Saturday, July 29, 2006
Today was our last day. We all arrived weary and bleary eyed, no way near as tired as Michele , Kathy and their crew.....they really have put an intense amount of energy into our week here and no words could possible express my awe and gratitude. Depth is my only thought, feeling and emotion. It was an intense week of working, sharing space and learning. Today was indigo....I was so delighted to have actually practiced the art for the first time and with success! We paired up so we could dip our gradation skeins from yesterday along with some overdying of our first day with hankies, scarves and ayate. I paired up with Katey, the resident dyer at a farm in Montana and Karen, a wonderful woman who is fortunate to live in Ballard with her husband,and be a dear friend of Earthues. We three had some great fun, as did the other pairs, dipping our fibers and oxidizing and rinsing to see such lovely changes with the indigo. Then the group, with a great amount of help from Michele, Kathy and Coby, labeled and tagged each of the skeins from each color gradation and each of us received a set of 17 wool sample skiens and 12 silk sample skeins for future reference. One moment of awe came as I was leaving and Coby was documenting some samples that she had dyed with the exhaust baths from yesterdays gradation dye pots. One was the most beautiful pale lilac yarn....it was just the color I had been looking for all week and there it was, at the very end, quietly resting! An ahhh moment! I will spend at least my flight back East tomorrow, pouring over the yarns, silk scarves and hankies and ayate, recollecting and storing the information while it is still fresh. This has been a wonderful, enriching and bonding experience for each of us, both individully and as a family of dyers. This is what you come away with after a workshop with Earthues; the dyes are spectacular, they speak through the colors created and the commitment Earthues makes sets the sail to drive us all forward in color, creativity and success!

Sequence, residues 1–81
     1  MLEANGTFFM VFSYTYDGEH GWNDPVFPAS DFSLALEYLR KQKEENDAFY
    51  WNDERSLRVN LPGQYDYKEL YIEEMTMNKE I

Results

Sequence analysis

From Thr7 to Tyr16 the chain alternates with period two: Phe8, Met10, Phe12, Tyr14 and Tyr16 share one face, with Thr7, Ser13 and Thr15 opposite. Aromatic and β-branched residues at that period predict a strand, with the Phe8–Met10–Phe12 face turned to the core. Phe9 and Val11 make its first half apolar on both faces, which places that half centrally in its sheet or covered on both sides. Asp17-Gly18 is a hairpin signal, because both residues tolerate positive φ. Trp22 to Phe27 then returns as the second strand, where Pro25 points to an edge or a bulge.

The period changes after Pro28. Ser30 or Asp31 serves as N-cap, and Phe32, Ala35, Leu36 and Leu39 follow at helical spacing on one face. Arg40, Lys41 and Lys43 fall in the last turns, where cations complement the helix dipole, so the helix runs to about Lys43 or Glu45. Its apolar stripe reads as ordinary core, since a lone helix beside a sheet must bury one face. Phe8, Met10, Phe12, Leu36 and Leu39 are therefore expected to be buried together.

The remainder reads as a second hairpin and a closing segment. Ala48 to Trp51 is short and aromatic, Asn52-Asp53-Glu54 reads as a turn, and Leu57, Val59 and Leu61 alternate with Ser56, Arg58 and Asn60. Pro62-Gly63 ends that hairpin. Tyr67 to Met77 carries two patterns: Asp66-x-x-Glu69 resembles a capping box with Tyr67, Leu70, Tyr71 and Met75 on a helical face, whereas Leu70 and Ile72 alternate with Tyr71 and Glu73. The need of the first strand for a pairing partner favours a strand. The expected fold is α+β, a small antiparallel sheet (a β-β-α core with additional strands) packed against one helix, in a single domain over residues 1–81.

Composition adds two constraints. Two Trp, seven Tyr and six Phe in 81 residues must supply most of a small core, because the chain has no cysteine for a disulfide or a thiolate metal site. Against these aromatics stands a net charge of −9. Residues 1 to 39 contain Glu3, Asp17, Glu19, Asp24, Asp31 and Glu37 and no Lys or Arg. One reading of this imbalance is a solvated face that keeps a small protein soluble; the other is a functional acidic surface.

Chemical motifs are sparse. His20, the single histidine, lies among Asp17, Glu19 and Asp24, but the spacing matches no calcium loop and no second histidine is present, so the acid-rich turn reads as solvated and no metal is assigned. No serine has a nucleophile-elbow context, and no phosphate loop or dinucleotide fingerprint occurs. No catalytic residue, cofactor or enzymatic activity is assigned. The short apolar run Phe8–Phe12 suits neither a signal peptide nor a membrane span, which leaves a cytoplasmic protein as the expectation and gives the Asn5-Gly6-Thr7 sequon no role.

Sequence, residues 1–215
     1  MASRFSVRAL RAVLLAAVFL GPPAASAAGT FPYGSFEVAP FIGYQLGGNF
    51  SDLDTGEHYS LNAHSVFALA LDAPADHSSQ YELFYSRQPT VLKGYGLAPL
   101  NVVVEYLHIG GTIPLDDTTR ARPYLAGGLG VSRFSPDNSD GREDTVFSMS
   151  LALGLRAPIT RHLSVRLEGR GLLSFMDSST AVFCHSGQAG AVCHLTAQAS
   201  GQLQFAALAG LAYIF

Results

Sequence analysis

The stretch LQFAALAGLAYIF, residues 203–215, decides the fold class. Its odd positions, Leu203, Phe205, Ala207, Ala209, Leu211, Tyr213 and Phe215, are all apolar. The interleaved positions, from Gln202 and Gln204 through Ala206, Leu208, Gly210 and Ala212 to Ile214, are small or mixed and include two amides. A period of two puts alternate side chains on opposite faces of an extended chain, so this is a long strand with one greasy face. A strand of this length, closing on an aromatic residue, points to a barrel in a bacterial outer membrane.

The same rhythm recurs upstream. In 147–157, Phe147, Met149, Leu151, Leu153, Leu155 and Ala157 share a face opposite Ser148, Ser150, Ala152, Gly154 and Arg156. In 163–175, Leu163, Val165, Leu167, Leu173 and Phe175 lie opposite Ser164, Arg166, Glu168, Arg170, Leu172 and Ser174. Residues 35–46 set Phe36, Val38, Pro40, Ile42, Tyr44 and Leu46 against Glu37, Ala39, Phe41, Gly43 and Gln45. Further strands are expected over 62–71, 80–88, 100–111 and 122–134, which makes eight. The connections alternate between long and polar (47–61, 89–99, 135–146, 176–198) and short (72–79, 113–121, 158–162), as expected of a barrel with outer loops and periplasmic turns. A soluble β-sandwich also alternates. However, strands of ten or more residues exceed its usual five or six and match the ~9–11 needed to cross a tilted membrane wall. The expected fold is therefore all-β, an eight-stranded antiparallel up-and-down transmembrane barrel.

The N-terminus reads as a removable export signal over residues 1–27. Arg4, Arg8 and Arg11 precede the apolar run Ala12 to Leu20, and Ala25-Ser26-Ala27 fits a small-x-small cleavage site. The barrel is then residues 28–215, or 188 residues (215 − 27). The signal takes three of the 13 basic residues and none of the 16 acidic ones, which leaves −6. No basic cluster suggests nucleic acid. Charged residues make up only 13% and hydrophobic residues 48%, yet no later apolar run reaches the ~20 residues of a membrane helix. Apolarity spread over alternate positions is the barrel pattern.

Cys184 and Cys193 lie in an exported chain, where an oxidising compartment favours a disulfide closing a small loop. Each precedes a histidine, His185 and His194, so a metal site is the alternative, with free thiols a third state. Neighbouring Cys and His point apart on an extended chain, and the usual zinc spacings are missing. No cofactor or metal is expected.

Posted by Long Ridge Farm at 1:40 AM